The details were revealed in the telescope’s Data Release 3 and provides updated information about almost two billion stars in the Milky Way galaxy, such as their chemical compositions, stellar temperatures, colours, ages and more.
Gaia was launched in 2013 and is on a mission to survey more than a billion stars, charting the largest three-dimensional map of our galaxy, the Milky Way. In so doing, the spacecraft is revealing the composition, formation and evolution of our galaxy, and is poised to continue until 2025.
This latest data release revealed a “surprising” discovery about starquakes, which are tiny motions on the surface of a star that change the shapes of the stellar objects.
According to the ESA, Gaia previously found radial oscillations that cause stars to swell and shrink sporadically while maintaining their spherical shape. But now, Gaia has located vibrations that are more like “large-scale tsunamis” that do alter a star’s global shape.
“Starquakes teach us a lot about stars, notably their internal workings. Gaia is opening a goldmine for ‘asteroseismology’ of massive stars,” says Conny Aerts of KU Leuven in Belgium, who is a member of the Gaia collaboration.
The space agency said that Gaia found these non-radial starquakes in thousands of stars, including ones that have been studied before.
Its observations of starquakes prove that Gaia is capable of far more than it was set out for, as the observatory was not originally built for studying these types of movements in space.
For the past nine years, the Gaia spacecraft has been travelling in an orbit designed to keep it out of Earth’s shadow, known as the second Lagrange point.
At 1.5 million kilometres from Earth – four times further than the moon – the “L2” is a fabulous place from which to do science. As the sun, Earth and moon are all in one direction relative to the spacecraft, the rest of the sky is free to observe.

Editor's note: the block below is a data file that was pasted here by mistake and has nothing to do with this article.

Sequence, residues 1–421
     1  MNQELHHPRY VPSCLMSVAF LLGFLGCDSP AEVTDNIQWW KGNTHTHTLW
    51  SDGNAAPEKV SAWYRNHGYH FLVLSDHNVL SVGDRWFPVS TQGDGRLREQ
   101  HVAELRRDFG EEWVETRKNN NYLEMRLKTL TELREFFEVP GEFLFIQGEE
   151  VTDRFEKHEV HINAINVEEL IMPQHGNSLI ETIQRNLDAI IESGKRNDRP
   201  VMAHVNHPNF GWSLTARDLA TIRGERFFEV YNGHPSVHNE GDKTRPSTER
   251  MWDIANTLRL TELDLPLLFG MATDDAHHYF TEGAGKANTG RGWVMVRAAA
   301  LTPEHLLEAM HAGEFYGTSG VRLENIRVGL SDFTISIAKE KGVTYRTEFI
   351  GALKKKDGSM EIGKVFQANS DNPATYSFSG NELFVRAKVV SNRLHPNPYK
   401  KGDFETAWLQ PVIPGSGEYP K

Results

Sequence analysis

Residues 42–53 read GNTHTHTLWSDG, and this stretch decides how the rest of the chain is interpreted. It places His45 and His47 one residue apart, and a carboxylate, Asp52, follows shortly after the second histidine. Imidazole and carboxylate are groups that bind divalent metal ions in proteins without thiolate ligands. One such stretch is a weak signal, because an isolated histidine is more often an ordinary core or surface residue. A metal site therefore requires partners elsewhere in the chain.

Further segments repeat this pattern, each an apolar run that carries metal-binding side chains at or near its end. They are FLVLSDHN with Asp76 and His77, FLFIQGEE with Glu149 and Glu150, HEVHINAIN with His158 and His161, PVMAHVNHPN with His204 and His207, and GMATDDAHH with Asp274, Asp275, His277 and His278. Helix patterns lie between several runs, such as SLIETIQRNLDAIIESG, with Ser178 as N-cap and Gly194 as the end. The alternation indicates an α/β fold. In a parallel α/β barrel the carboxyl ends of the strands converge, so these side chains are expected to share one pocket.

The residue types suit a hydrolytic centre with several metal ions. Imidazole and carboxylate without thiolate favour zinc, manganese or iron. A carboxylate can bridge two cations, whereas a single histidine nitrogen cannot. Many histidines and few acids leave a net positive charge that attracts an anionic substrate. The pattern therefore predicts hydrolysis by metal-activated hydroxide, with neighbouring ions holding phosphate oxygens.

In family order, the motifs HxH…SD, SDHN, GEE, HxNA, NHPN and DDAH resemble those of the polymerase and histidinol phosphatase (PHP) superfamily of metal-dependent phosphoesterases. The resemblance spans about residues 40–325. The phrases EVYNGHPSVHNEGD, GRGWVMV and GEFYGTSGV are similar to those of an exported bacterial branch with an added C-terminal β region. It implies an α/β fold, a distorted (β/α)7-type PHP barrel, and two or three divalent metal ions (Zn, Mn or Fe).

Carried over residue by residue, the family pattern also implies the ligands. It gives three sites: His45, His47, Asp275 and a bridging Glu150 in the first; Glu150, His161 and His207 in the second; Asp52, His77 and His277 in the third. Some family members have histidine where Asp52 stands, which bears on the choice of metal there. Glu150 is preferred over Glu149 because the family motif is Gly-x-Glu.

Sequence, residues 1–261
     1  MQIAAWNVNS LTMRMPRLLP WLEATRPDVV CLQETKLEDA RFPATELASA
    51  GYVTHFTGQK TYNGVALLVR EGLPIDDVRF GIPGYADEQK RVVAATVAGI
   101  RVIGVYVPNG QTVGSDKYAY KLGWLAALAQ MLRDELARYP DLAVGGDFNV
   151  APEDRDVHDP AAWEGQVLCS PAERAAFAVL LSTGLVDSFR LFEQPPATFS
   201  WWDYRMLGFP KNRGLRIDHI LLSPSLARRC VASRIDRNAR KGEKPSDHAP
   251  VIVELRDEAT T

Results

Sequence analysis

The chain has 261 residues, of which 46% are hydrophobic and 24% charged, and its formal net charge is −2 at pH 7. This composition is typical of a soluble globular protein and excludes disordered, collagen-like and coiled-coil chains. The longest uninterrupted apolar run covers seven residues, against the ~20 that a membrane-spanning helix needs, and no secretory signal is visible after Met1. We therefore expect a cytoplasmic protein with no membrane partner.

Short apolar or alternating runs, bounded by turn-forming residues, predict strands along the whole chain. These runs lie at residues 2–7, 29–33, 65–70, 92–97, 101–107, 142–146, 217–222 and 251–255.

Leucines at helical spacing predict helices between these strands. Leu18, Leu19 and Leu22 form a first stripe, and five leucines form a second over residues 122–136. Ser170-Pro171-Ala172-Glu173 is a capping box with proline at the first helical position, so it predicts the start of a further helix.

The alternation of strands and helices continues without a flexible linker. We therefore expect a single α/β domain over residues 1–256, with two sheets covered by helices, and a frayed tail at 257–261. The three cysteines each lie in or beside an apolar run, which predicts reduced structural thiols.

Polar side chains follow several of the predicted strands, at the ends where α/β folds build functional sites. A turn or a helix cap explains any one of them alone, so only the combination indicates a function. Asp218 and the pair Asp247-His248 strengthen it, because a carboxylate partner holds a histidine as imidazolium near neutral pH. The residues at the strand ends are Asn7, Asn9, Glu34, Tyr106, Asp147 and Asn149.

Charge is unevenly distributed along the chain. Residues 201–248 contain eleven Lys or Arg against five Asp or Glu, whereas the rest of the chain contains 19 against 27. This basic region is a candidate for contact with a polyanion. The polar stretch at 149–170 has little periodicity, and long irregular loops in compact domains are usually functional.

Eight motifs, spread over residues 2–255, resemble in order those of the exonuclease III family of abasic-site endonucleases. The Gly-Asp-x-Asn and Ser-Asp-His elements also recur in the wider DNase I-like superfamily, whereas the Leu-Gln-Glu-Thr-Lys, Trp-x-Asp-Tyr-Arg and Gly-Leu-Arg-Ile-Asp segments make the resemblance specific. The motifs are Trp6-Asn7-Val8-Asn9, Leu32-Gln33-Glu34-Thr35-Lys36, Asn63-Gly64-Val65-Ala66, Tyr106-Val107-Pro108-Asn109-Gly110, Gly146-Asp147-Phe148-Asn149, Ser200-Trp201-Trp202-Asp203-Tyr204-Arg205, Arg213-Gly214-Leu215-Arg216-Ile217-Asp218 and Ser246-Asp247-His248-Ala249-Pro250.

Gaia’s latest data set also revealed information about the DNA of stars through a chemical map of the galaxy with 3D motions, which gives insight into their birthplace and time following that.
The ESA said that some stars contain heavy metals, as opposed to most that were formed with lighter elements such as hydrogen and helium. Heavy metals are typically built inside stars.
“When stars die, they release these metals into the gas and dust between the stars called the interstellar medium, out of which new stars form,” the agency said.
“Active star formation and death will lead to an environment that is richer in metals. Therefore, a star’s chemical composition is a bit like its DNA, giving us crucial information about its origin.”
Gaia found that some stars are made of primordial material, while others like the sun are made up of matter from previous generations of stars, the ESA said. Therefore, stars that are closer to the centre of the Milky Way galaxy have higher substances of metal compared to stars further away.
“Our galaxy is a beautiful melting pot of stars,” says Alejandra Recio-Blanco of the Observatoire de la Côte d’Azur in France, who is a member of the Gaia collaboration.
“This diversity is extremely important, because it tells us the story of our galaxy’s formation. It reveals the processes of migration within our galaxy and accretion from external galaxies. It also clearly shows that our sun, and we, all belong to an ever-changing system, formed thanks to the assembly of stars and gas of different origins.”
Every day, Gaia sends 20 to 100 gigabytes of data back to Earth, equating to about 850 million individual star observations, Space.com notes.
Over 400 researchers from the Gaia Data Processing and Analysis Consortium (DPAC) across Europe spend years processing and validating the information that are then packaged into the data releases. The previous one – Data Release 2 – was unveiled in 2018.
Bella Richards is a journalist who has written for several local newspapers, her university newspaper and a tech magazine, and completed her Bachelor of Communications (Journalism) at the University of Technology Sydney in 2020. She joined Momentum Media in 2021, and has since written breaking news stories across Space Connect, Australian Aviation and World of Aviation.
You can email Bella on: [email protected]
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